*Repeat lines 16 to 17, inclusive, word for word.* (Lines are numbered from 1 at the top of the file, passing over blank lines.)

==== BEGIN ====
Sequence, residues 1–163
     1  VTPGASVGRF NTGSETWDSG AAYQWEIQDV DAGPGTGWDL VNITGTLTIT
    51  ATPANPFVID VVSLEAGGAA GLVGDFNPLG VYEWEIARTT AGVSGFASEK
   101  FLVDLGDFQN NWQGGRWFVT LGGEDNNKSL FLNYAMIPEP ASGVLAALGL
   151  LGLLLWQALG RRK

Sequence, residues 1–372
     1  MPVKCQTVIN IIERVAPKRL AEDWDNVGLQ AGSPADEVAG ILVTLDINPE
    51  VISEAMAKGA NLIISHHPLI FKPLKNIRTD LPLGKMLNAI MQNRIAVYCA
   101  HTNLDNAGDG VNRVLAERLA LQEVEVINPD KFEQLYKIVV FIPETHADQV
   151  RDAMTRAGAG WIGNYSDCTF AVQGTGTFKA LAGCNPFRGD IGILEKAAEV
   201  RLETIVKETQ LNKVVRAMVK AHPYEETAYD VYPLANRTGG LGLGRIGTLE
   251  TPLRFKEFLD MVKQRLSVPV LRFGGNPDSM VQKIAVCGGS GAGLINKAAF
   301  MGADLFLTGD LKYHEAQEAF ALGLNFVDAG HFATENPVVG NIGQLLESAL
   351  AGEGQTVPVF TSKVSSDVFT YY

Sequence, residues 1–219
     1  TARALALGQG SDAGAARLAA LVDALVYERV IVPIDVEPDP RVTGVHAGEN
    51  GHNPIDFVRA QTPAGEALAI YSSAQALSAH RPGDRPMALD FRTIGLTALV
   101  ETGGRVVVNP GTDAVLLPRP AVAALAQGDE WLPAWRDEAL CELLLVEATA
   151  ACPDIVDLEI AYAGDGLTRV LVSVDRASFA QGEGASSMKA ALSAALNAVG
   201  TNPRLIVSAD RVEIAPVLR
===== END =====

     1  TARALALGQG SDAGAARLAA LVDALVYERV IVPIDVEPDP RVTGVHAGEN
    51  GHNPIDFVRA QTPAGEALAI YSSAQALSAH RPGDRPMALD FRTIGLTALV